Although Australia has a long history of a society built on multiculturalism, those who are too busy patting themselves on the back for living in a more forward-thinking and inclusive nation tend to ignore the barriers that still exist. I love living and studying in Australia, and there are many benefits to living here but I have no idea how it feels to be an international student, who may not speak the language, or understand our societal do’s and don’ts. Understandably, for international students, it can be difficult to integrate into Australian culture and the experience is often diminished by the closed mindsets of the locals. However, I can try my best to make international students feel welcome enough to enjoy the experience of living in Australia.
The language barrier alone proves to be very difficult for those who are trying to study in Australia. Along with the already very confusing grammar and rules for national language of English, there are also Australian colloquialisms that an international student may find difficult to get their head around (Vogl & Kell, 2012). Additionally, studying in today’s society, an international student also may need to decipher millennial slang which only makes that language gap a little bit bigger.
Along with language barriers, there are many obstacles that international students face which may hinder their potentially rich intercultural experience (Marginson, 2012). Cultural conflicts and racism also play a huge part in hindering the experience of their intercultural and potentially fulfilling experience. While Australia and more specifically Sydney is generally deemed as a desirable and safe location to study in, a minority of students report exploitation by employers and landlords, discrimination and isolation (Munro and Ng, 2017).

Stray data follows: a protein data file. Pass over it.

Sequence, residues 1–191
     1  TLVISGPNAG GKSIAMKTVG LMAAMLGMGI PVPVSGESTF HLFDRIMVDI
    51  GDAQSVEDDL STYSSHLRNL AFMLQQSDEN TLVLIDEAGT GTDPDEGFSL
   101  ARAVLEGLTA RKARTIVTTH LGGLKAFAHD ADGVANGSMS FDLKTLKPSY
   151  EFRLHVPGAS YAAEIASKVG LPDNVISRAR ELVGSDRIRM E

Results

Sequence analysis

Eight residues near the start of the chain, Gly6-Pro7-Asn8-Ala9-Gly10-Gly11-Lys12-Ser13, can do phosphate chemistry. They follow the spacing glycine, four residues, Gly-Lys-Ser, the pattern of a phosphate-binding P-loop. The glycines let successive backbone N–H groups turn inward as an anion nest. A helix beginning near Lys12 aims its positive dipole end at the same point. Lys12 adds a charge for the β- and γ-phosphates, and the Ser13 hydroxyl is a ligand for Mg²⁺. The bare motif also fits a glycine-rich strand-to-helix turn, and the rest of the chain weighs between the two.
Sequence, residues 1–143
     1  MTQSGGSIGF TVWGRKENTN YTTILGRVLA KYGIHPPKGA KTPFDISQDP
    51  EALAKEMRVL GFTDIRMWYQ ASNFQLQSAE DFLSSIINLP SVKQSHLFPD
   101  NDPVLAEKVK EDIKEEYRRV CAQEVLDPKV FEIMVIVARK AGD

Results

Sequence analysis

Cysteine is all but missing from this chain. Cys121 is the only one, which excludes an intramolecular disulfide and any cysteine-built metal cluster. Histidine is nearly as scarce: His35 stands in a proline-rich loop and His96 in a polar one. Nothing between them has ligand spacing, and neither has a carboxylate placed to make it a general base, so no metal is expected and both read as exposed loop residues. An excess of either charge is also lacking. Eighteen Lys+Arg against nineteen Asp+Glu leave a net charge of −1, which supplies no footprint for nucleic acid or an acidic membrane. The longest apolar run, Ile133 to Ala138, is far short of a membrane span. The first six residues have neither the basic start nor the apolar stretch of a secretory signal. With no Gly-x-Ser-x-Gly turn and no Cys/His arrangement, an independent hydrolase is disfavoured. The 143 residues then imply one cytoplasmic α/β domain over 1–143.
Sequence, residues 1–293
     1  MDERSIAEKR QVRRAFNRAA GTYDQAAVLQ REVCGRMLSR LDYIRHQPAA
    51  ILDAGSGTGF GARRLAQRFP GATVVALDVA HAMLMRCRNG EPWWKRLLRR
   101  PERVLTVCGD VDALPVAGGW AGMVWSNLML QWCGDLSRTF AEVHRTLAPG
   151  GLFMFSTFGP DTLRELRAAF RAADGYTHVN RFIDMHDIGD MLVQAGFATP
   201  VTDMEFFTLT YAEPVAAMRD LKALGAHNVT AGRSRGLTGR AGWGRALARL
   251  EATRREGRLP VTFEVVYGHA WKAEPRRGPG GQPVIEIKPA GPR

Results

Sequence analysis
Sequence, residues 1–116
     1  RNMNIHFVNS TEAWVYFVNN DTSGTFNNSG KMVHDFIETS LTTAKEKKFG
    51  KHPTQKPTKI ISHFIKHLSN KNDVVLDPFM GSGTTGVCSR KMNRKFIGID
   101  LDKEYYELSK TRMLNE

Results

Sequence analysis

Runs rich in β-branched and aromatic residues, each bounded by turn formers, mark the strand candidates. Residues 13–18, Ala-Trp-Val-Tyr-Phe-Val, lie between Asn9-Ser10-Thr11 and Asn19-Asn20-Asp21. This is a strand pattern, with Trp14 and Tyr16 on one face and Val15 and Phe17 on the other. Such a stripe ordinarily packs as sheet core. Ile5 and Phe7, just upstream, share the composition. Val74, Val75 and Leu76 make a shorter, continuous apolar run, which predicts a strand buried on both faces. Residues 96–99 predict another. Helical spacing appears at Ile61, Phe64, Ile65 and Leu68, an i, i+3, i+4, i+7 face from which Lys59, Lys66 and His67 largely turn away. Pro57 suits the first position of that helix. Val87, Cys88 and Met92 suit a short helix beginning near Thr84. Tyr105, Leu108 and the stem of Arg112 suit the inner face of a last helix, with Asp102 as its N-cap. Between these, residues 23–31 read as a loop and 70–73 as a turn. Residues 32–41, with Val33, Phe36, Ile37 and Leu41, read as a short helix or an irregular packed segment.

Small minded locals often make being an international student much more difficult than it needs to be and internalised hatred towards other cultures often result in racism fuelled attacks on international students. In 2009, there was a series of violent attacks on Indian students in Australia which was kept very quiet with police and policy makers initially denying that these attacks were racially motivated. This damaged Australia’s relationship with India as the safety of International students was jeopardised which subsequently plunged Australia’s education into turmoil. This video shows the full strain in the relationship between cultures this violence caused. Less violent forms of racism are most prominent when most international students want and prepared to take risks to achieve closer connections with local students but locals are often uninterested and are likely to avoid interacting with international students (Vogl & Kell, 2012).
This issue of discrimination and exploitation does not assist in making a safe community for all. If you are a domestic student, try to understand where an international student is coming from and help in any way possible to make the global education experience as rich and fulfilling as it can possibly be. You may even gain some new friends along the way.
Marginson, S. (2012). International education as self-formation. 1st ed. [ebook] Wollongong: University of Wollongong.
Kell, P. and Vogl, G. (2007). International Students: Negotiating life and study in Australia through Australian Englishes. Sydney: Macquarie University.
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